Cement firms to face more competition after inquiry
The UK's cement market is set to see greater competition following changes ordered by the Competition Commission.
The Commission spent two years studying the market amid fears existing firms were concentrating on preserving their market share and failing to compete.
It said the lack of competition was costing cement users £30m a year.
The Commission has told one of the existing firms, Lafarge Tarmac, to sell one of its cement plants to enable a new firm to compete in the industry.
The dominant cement firms are Lafarge Tarmac, Cemex, and Hanson. These three were joined a year ago by new entrant, HCM. These, and another company, Aggregate Industries, which does not produce cement, make up the five main suppliers of heavy building materials in the UK, which include aggregates, cement and ready-mix concrete.
Lafarge Tarmac will be required to choose between selling either its Cauldon, Staffordshire or its Tunstead, Derbyshire cement plants.
Lafarge's chief executive, Cyrille Ragoucy, said he was "disappointed" by the decision, adding it was "not reasonable or proportionate".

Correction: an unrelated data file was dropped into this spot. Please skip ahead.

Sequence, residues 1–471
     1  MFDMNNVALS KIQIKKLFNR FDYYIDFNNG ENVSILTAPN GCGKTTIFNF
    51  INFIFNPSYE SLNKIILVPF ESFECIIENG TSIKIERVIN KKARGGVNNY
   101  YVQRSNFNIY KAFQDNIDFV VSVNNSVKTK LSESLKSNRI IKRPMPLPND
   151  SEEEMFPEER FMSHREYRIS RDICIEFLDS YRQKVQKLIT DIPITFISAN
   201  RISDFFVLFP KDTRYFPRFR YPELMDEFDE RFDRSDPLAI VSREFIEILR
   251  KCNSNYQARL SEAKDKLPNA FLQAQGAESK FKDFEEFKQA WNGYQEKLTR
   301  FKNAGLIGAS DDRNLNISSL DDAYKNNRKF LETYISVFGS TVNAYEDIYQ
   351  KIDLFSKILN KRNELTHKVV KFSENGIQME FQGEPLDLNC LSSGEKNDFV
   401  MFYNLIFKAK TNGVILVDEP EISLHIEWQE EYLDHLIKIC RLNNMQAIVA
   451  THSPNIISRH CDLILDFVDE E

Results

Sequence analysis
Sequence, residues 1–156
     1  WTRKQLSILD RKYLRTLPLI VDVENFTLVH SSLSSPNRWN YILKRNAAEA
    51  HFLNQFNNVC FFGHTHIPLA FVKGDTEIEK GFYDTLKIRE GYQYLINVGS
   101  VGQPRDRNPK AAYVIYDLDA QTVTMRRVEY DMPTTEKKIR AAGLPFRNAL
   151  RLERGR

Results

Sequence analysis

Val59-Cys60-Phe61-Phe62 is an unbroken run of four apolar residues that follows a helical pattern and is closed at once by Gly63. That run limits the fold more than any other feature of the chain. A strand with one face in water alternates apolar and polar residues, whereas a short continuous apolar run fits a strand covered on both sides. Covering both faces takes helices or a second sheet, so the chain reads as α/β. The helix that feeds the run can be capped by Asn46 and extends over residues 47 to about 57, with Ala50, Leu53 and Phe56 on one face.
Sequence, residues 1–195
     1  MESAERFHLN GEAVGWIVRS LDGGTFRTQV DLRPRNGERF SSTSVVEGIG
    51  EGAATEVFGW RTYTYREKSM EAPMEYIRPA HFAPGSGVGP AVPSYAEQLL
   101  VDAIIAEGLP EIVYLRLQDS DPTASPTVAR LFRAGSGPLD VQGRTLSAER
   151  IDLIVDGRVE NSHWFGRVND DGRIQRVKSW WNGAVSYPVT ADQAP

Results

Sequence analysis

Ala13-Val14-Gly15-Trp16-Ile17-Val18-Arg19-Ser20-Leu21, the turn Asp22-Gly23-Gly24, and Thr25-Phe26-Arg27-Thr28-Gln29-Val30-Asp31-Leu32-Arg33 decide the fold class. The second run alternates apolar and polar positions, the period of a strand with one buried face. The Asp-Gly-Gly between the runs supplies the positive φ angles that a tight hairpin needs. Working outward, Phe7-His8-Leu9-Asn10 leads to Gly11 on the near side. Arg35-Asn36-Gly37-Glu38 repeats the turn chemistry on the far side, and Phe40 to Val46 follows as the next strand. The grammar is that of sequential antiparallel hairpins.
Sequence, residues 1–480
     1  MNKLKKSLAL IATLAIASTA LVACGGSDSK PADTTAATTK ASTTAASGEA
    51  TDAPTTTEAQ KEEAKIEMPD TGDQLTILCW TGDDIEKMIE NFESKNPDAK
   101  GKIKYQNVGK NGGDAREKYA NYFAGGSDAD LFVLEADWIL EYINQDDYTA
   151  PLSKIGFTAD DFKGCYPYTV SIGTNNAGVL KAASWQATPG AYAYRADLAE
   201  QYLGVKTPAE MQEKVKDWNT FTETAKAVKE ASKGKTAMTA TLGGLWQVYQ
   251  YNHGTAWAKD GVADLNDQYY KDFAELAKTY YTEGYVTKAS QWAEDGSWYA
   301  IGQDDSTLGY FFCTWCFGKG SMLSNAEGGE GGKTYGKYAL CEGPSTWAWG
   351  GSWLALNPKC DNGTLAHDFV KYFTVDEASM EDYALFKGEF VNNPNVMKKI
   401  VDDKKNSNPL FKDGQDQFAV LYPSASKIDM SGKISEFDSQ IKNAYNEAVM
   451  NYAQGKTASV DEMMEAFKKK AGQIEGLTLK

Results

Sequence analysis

"The Commission has based its remedies on a partial and historic picture of the market. Its analysis of industry profitability... is flawed, grossly overestimating the returns made," he said.
"It has also failed to take into account the new business environment that has been established by our divestments - only 12 months ago - to create a new competitor, and the entry of new importers into the market."'Essential product'
The Commission also ordered changes in the supply of another heavy building material, ground granulated blast furnace slag (GGBS), which is a partial substitute for and input into cement.
It has ordered Hanson to sell one of its GGBS production facilities.
It says the inefficient market for this material has led to losses for buyers of a further £15m-£20m a year.
Professor Martin Cave, the chairman of the inquiry, said: "Cement is an essential product for the construction and building sectors and the amount of such work that is funded by the public purse only underlines the importance of ensuring that customers get better value for money."